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N.C. gay marriage views are changing

A new Public Policy Polling survey looks like another harbinger of the end to North Carolina’s ban on same-sex marriage. The survey released last week shows North Carolinians are quickly dropping their opposition to gay unions. In the two years since voters approved a constitutional ban – needlessly since there was already a state statute banning such unions – the percent of residents opposed to gay marriage has dropped by 8 points. Where 61 percent voted for the constitutional ban in 2012, just 53 percent said they support such a ban today, according to a poll of 740 N.C. voters. Only 33 percent of young voters support such a ban.

And 62 percent of all polled support either marriage or civil unions for same-sex couples to only 34 percent who think they should have no legal recognition at all.

The state’s misguided embrace of discrimination might be on its last legal legs this year. Next month, a federal appeals court will review a February decision by a Virginia judge finding that state’s same-sex marriage ban unconstitutional. The appeals court decision, which legal experts say likely would apply to the Carolinas and West Virginia, could come by fall.

The toppling of North Carolina’s bad law can’t come soon enough.

Law Day Essay contest

The April 22 deadline for the Observer editorial board’s Law Day essay contest is fast approaching. Each year, the editorial board co-sponsors the contest with the Mecklenburg County Bar Association. It is held in conjunction with the Bar’s annual Law Day Luncheon, which will be at the Hilton Charlotte Center City on May 8. The keynote speaker is Mary C. Curtis, award-winning multimedia journalist and a former columnist and editor at the Observer. She appears weekly on TV’s WCCB News Rising Charlotte and contributes to The Washington Post’s “She the People” blog and NPR.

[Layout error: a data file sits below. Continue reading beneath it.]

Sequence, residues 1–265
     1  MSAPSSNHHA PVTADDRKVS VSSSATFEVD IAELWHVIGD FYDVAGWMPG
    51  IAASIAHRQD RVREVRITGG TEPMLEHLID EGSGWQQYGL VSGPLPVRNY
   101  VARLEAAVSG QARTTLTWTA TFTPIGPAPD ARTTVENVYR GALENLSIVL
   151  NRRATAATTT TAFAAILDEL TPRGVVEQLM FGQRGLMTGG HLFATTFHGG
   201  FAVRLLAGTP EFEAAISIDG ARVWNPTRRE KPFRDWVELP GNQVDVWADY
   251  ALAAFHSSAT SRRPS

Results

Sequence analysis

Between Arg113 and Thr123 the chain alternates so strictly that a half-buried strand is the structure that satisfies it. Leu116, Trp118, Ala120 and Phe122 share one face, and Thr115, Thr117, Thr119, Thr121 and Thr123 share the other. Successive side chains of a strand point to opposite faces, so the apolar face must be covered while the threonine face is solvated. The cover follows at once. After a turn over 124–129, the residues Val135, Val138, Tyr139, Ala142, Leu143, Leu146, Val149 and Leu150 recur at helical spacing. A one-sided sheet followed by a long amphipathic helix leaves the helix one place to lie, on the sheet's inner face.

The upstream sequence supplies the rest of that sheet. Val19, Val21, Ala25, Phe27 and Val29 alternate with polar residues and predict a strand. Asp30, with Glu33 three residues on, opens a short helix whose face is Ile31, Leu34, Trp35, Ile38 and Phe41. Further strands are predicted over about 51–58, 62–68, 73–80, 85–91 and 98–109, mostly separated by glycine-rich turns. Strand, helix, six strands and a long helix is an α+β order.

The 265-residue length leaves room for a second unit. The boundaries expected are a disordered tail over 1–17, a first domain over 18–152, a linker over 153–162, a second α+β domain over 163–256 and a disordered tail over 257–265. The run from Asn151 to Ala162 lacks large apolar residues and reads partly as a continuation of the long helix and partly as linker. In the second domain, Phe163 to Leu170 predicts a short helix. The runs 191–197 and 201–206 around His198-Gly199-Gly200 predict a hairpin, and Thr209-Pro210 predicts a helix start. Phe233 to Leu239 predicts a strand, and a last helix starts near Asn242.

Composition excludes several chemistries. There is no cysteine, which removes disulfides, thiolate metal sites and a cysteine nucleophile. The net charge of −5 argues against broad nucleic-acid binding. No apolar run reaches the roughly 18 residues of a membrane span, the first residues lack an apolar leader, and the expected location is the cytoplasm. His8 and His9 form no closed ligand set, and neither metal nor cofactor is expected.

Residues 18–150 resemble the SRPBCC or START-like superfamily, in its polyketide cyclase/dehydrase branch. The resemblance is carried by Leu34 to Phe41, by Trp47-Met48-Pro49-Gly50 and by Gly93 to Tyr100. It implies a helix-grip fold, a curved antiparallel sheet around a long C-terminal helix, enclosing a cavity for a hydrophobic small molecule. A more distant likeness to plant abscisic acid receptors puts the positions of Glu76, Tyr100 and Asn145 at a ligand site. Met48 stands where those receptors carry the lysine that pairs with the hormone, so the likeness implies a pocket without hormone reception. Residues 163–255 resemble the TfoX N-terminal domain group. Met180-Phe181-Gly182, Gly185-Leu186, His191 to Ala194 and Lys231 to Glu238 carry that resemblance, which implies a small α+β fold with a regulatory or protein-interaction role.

This year’s Law Day theme is “American Democracy and the Rule of Law: Why Every Vote Matters.” The American Bar Association calls the right to vote the “very foundation of government by the people.”

For the contest, students should explore the principle of government by the people and how voting realizes this goal. They should also explore the struggle for voting rights in this country. Prizes of $300 and $100 will be given for the top two essays. To enter, students should send typewritten essays of up to 700 words examining the issue to: Fannie Flono, Associate Editor, The Charlotte Observer, P.O. Box 30308 Charlotte, NC 28230-0308. Essays may also be e-mailed to fflono@charlotteobserver.com.

Essays must include the writer’s name, age, address, phone number, the school the student attends and the names of his or her parents or guardians. No essays will be accepted after April 22. Only high school students in the Observer’s circulation area are eligible.

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The Charlotte Observer welcomes your comments on news of the day. The more voices engaged in conversation, the better for us all, but do keep it civil. Please refrain from profanity, obscenity, spam, name-calling or attacking others for their views.

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